- by Rick Strahl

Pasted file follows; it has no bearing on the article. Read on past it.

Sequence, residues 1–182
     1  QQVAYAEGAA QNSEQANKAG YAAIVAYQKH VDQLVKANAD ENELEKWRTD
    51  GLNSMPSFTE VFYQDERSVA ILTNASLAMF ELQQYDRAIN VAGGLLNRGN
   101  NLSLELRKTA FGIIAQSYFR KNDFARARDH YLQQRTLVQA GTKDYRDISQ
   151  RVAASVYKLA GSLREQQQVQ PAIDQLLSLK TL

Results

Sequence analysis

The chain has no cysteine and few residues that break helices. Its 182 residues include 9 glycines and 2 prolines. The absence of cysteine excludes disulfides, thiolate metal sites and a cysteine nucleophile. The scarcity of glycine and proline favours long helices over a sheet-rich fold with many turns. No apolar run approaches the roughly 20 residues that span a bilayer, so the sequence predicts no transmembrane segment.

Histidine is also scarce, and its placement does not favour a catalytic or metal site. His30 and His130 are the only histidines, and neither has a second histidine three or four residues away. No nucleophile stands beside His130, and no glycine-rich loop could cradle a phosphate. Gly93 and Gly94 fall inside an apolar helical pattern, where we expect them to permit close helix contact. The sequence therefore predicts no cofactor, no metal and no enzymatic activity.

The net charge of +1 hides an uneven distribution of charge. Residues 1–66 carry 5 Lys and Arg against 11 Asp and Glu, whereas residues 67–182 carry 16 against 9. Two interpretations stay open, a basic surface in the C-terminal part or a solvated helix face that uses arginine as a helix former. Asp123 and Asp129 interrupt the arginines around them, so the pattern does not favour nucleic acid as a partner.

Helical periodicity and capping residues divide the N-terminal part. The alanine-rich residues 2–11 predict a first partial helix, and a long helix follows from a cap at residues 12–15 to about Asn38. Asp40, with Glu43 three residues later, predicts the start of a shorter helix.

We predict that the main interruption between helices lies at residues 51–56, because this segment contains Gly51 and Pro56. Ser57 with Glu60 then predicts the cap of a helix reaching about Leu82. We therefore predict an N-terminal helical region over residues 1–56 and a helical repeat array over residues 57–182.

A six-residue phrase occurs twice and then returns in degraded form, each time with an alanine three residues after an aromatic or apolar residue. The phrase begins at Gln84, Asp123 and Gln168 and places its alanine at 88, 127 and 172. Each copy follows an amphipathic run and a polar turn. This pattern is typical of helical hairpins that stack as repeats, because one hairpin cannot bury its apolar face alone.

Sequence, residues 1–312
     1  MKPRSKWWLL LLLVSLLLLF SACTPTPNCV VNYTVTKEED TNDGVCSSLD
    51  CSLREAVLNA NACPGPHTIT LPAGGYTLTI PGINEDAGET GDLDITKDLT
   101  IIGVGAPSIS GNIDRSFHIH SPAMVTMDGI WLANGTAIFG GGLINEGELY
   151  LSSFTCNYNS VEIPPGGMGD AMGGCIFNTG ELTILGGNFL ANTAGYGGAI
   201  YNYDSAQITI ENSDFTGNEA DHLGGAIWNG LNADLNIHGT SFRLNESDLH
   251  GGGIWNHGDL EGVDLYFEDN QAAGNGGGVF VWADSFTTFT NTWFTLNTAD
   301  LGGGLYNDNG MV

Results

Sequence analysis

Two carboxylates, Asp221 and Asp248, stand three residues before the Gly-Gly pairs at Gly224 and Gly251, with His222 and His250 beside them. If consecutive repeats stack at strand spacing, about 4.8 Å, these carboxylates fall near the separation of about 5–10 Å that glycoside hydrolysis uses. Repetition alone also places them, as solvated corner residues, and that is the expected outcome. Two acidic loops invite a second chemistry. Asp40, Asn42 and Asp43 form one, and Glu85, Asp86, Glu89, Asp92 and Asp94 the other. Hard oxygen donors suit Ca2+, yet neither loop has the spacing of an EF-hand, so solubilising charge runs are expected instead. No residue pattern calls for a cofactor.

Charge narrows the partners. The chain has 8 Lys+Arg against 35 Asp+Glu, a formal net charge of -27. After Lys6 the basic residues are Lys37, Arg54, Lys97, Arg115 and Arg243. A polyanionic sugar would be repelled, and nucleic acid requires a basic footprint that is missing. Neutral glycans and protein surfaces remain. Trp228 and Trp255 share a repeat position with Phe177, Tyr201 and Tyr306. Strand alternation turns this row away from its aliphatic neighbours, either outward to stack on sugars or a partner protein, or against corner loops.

Out of the box ASP.NET WebAPI does not include a JSONP formatter, but it's actually very easy to create a custom formatter that implements this functionality. JSONP is one way to allow Browser based JavaScript client applications to bypass cross-site scripting limitations and serve data from the non-current Web server. AJAX in Web Applications uses the XmlHttp object which by default doesn't allow access to remote domains. There are number of ways around this limitation <script> tag loading and JSONP is one of the easiest and semi-official ways that you can do this. JSONP works by combining JSON data and wrapping it into a function call that is executed when the JSONP data is returned. If you use a tool like jQUery it's extremely easy to access JSONP content. Imagine that you have a URL like this: http://RemoteDomain/aspnetWebApi/albums which on an HTTP GET serves some data - in this case an array of record albums. This URL is always directly accessible from an AJAX request if the URL is on the same domain as the parent request. However, if that URL lives on a separate server it won't be easily accessible to an AJAX request. Now, if  the server can serve up JSONP this data can be accessed cross domain from a browser client. Using jQuery it's really easy to retrieve the same data with JSONP:function getAlbums() { $.getJSON("http://remotedomain/aspnetWebApi/albums?callback=?",null, function (albums) { alert(albums.length); }); } The resulting callback the same as if the call was to a local server when the data is returned. jQuery deserializes the data and feeds it into the method. Here the array is received and I simply echo back the number of items returned. From here your app is ready to use the data as needed. This all works fine - as long as the server can serve the data with JSONP. What does JSONP look like? JSONP is a pretty simple 'protocol'. All it does is wrap a JSON response with a JavaScript function call. The above result from the JSONP call looks like this:Query17103401925975181569_1333408916499( [{"Id":"34043957","AlbumName":"Dirty Deeds Done Dirt Cheap",…},{…}] ) The way JSONP works is that the client (jQuery in this case) sends of the request, receives the response and evals it. The eval basically executes the function and deserializes the JSON inside of the function. It's actually a little more complex for the framework that does this, but that's the gist of what happens. JSONP works by executing the code that gets returned from the JSONP call. JSONP and ASP.NET Web API As mentioned previously, JSONP support is not natively in the box with ASP.NET Web API. But it's pretty easy to create and plug-in a custom formatter that provides this functionality. The following code is based on Christian Weyers example but has been updated to the latest Web API CodePlex bits, which changes the implementation a bit due to the way dependent objects are exposed differently in the latest builds. Here's the code:  using System; using System.IO; using System.Net; using System.Net.Http.Formatting; using System.Net.Http.Headers; using System.Threading.Tasks; using System.Web; using System.Net.Http; namespace Westwind.Web.WebApi { /// <summary> /// Handles JsonP requests when requests are fired with /// text/javascript or application/json and contain /// a callback= (configurable) query string parameter /// /// Based on Christian Weyers implementation /// https://github.com/thinktecture/Thinktecture.Web.Http/blob/master/Thinktecture.Web.Http/Formatters/JsonpFormatter.cs /// </summary> public class JsonpFormatter : JsonMediaTypeFormatter { public JsonpFormatter() { SupportedMediaTypes.Add(new MediaTypeHeaderValue("application/json")); SupportedMediaTypes.Add(new MediaTypeHeaderValue("text/javascript")); //MediaTypeMappings.Add(new UriPathExtensionMapping("jsonp", "application/json")); JsonpParameterName = "callback"; } /// <summary> /// Name of the query string parameter to look for /// the jsonp function name /// </summary> public string JsonpParameterName {get; set; } /// <summary> /// Captured name of the Jsonp function that the JSON call /// is wrapped in. Set in GetPerRequestFormatter Instance /// </summary> private string JsonpCallbackFunction; public override bool CanWriteType(Type type) { return true; } /// <summary> /// Override this method to capture the Request object /// and look for the query string parameter and /// create a new instance of this formatter. /// /// This is the only place in a formatter where the /// Request object is available. /// </summary> /// <param name="type"></param> /// <param name="request"></param> /// <param name="mediaType"></param> /// <returns></returns> public override MediaTypeFormatter GetPerRequestFormatterInstance(Type type, HttpRequestMessage request, MediaTypeHeaderValue mediaType) { var formatter = new JsonpFormatter() { JsonpCallbackFunction = GetJsonCallbackFunction(request) }; return formatter; } /// <summary> /// Override to wrap existing JSON result with the /// JSONP function call /// </summary> /// <param name="type"></param> /// <param name="value"></param> /// <param name="stream"></param> /// <param name="contentHeaders"></param> /// <param name="transportContext"></param> /// <returns></returns> public override Task WriteToStreamAsync(Type type, object value, Stream stream, HttpContentHeaders contentHeaders, TransportContext transportContext) { if (!string.IsNullOrEmpty(JsonpCallbackFunction)) { return Task.Factory.StartNew(() => { var writer = new StreamWriter(stream); writer.Write( JsonpCallbackFunction + "("); writer.Flush(); base.WriteToStreamAsync(type, value, stream, contentHeaders, transportContext).Wait(); writer.Write(")"); writer.Flush(); }); } else { return base.WriteToStreamAsync(type, value, stream, contentHeaders, transportContext); } } /// <summary> /// Retrieves the Jsonp Callback function /// from the query string /// </summary> /// <returns></returns> private string GetJsonCallbackFunction(HttpRequestMessage request) { if (request.Method != HttpMethod.Get) return null; var query = HttpUtility.ParseQueryString(request.RequestUri.Query); var queryVal = query[this.JsonpParameterName]; if (string.IsNullOrEmpty(queryVal)) return null; return queryVal; } } } Note again that this code will not work with the Beta bits of Web API - it works only with post beta bits from CodePlex and hopefully this will continue to work until RTM :-) This code is a bit different from Christians original code as the API has changed. The biggest change is that the Read/Write functions no longer receive a global context object that gives access to the Request and Response objects as the older bits did. Instead you now have to override the GetPerRequestFormatterInstance() method, which receives the Request as a parameter. You can capture the Request there, or use the request to pick up the values you need and store them on the formatter. Note that I also have to create a new instance of the formatter since I'm storing request specific state on the instance (information whether the callback= querystring is present) so I return a new instance of this formatter. Other than that the code should be straight forward: The code basically writes out the function pre- and post-amble and the defers to the base stream to retrieve the JSON to wrap the function call into. The code uses the Async APIs to write this data out (this will take some getting used to seeing all over the place for me). Hooking up the JsonpFormatter Once you've created a formatter, it has to be added to the request processing sequence by adding it to the formatter collection. Web API is configured via the static GlobalConfiguration object.  protected void Application_Start(object sender, EventArgs e) { // Verb Routing RouteTable.Routes.MapHttpRoute( name: "AlbumsVerbs", routeTemplate: "albums/{title}", defaults: new { title = RouteParameter.Optional, controller = "AlbumApi" } ); GlobalConfiguration .Configuration .Formatters .Insert(0, new Westwind.Web.WebApi.JsonpFormatter()); }   That's all it takes. Note that I added the formatter at the top of the list of formatters, rather than adding it to the end which is required. The JSONP formatter needs to fire before any other JSON formatter since it relies on the JSON formatter to encode the actual JSON data. If you reverse the order the JSONP output never shows up. So, in general when adding new formatters also try to be aware of the order of the formatters as they are added. Resources JsonpFormatter Code on GitHub© Rick Strahl, West Wind Technologies, 2005-2012Posted in Web Api   Tweet !function(d,s,id){var js,fjs=d.getElementsByTagName(s)[0];if(!d.getElementById(id)){js=d.createElement(s);js.id=id;js.src="//platform.twitter.com/widgets.js";fjs.parentNode.insertBefore(js,fjs);}}(document,"script","twitter-wjs"); (function() { var po = document.createElement('script'); po.type = 'text/javascript'; po.async = true; po.src = 'https://apis.google.com/js/plusone.js'; var s = document.getElementsByTagName('script')[0]; s.parentNode.insertBefore(po, s); })();